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This installment of Illustrator Insider Training shows an expert's approach to color choice and control in Illustrator. Mordy Golding guides experienced designers and artists through what he sees are the three stages of applying color to artwork: creation, inspiration, and editing. The course also shows how to build art in a way that allows artists to make changes quickly and how to take advantage of the newer features that have been added to Illustrator over the recent versions.
Sometimes you have the artwork that you want, but you don't necessarily have the colors that you want, there can be many reasons why this happens. First of all, you may have bought some kind of stock artwork from a web site like istockphoto, for example, that have a tremendous amount of vector-based artwork which looks great. However, maybe you want to change some of the colors, maybe you have a certain library of corporate colors, or you are working on a certain project that already has a defined palette of colors and you want that artwork to fit well and to match with those colors.
Or here's another example, maybe you are an apparel designer or a fashion designer, you have a design that really was great last year, now you want to use that same design again this year, however, this year's colors are different than last year's colors. So now you need to take your design, you want to keep it the same, but you just need to update all of the colors to be this year's colors, or I've an example like what I am looking at right now on my screen called matching2.ai, it's a lovely file that has many different gift cards. I hired a designer to design all these different gift cards for me.
However, at the same time my designer was working on this, I had a completely different department that was focused on choosing colors to use, so now I have my corporate colors. I get my artwork, and I now simply want all this artwork to only use the corporate colors. Do I have to now start selecting all these colors and making color changes? Wouldn't it be great if I can do all of that with just one click of a mouse? Let's see how to do that, I am going to make this a little bit small, let me zoom out, so I can move it up to the upper left-hand corner and this will allow me to have more room for my Recolor Artwork dialog.
I am going to press Command+A to select all of my artwork. Again, the goal here is to keep my artwork the same, but simply swap out the existing colors, for colors that I already have approval for. In this example, I want to use my existing Hansel & Petal corporate colors, instead of the colors that are being used here. Now I don't want to rethink the design around color either, so what I really want is I want Illustrator to look at the colors that are now inside of this file and keep them as close as possible to the original, but just use the colors that match closest to it from my approved library.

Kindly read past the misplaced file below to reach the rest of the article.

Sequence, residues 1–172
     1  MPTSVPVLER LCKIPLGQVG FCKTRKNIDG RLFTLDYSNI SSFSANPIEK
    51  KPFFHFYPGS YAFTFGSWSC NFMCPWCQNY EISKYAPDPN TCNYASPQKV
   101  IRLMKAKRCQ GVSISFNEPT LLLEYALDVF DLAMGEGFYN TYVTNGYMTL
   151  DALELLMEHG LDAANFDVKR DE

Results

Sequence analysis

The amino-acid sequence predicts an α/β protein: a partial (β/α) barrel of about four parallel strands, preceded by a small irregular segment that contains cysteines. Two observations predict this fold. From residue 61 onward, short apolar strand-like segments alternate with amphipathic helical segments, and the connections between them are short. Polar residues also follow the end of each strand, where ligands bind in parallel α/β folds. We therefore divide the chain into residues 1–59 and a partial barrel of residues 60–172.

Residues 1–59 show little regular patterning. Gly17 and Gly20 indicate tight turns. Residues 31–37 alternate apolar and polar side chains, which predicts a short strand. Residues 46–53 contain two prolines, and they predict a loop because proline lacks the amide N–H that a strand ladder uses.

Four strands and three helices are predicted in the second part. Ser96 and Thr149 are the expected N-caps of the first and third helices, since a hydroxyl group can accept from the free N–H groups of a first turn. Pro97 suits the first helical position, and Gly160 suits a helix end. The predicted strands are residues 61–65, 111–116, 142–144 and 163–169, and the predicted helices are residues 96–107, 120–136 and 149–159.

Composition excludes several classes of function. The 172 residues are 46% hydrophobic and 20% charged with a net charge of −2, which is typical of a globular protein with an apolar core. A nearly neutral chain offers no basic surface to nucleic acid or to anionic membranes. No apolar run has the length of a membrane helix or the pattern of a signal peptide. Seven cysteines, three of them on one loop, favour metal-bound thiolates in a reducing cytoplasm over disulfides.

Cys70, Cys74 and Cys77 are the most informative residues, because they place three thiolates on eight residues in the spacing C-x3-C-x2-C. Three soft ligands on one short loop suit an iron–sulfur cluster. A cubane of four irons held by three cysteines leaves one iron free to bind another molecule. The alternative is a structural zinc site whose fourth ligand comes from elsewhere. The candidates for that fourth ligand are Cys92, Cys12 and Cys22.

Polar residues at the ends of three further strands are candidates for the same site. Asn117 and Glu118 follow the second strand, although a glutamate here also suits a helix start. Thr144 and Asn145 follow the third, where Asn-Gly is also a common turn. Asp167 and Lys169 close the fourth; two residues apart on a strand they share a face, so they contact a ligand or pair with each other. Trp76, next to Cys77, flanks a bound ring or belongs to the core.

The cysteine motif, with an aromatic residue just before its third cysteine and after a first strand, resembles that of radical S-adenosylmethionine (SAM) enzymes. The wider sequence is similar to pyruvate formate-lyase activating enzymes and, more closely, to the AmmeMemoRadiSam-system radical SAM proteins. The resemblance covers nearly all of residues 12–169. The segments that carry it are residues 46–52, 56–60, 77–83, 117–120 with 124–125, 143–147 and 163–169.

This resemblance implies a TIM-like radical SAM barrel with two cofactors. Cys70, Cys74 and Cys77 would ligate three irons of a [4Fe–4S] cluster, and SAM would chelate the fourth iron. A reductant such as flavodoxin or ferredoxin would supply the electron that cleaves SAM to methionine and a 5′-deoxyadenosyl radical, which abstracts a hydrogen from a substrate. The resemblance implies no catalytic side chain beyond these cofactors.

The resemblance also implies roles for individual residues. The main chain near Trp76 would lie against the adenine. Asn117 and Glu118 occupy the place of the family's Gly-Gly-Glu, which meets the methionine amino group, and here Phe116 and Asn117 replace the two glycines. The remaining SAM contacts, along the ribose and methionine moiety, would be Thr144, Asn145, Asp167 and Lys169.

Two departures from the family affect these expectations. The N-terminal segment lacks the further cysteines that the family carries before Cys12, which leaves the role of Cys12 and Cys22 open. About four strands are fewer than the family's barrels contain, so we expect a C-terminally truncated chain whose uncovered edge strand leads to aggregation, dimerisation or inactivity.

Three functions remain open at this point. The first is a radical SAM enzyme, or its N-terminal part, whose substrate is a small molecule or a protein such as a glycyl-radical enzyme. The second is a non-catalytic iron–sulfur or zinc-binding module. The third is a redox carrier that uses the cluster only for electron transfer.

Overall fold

For example, in the previous movie we saw we could take an existing artwork and convert it to its closest possible match in the Pantone Library, But now, I am going to click on the color chip wheel with my artwork selected. This brings up my Recolor Artwork dialog box. Let's switch over here to the Edit view, because again, it just allows us to see clearly what's happening. I have all of the colors that appear inside of my artwork now mapped onto my color wheel, but I am going to back to this icon here to limit the color wheel to only use colors within my approved library.
If I scroll down this list here, remember that where it says, User Defined, I already have my HANSEL_CORPORATE colors saved as a library file. If I choose that option, I am now loading in only colors that exist in my library of Hansel & Petal Corporate colors. So as where my wheel of color was nice and smooth before, now it's really segmented into just a few colors. Just to see exactly what's happening here, I am going to uncheck the Recolor Artwork button, this was before, this is after, these are my original colors in the artwork and these are their closest possible matches, the colors that do exist inside of my library.
So now I can click OK, and with one click of the mouse, I'm able to take existing artwork and convert them to colors that I'm now allowed to use. Again, if I am fashion designer and I have last year's design, now I just want to update it to use this year's colors, I would open up the old file, select all my artwork, open up the Recolor Artwork dialog box, limit the Recolor Artwork feature, to use only this years or this season's colors, and then simply click OK. Illustrator handles everything else for me.
Now there is one thing to note, the only way to actually do this is to work with library files that you've already saved, so if you haven't already done so, you might want to go back to Chapter 3 and revisit the concept of creating and managing your own color libraries.
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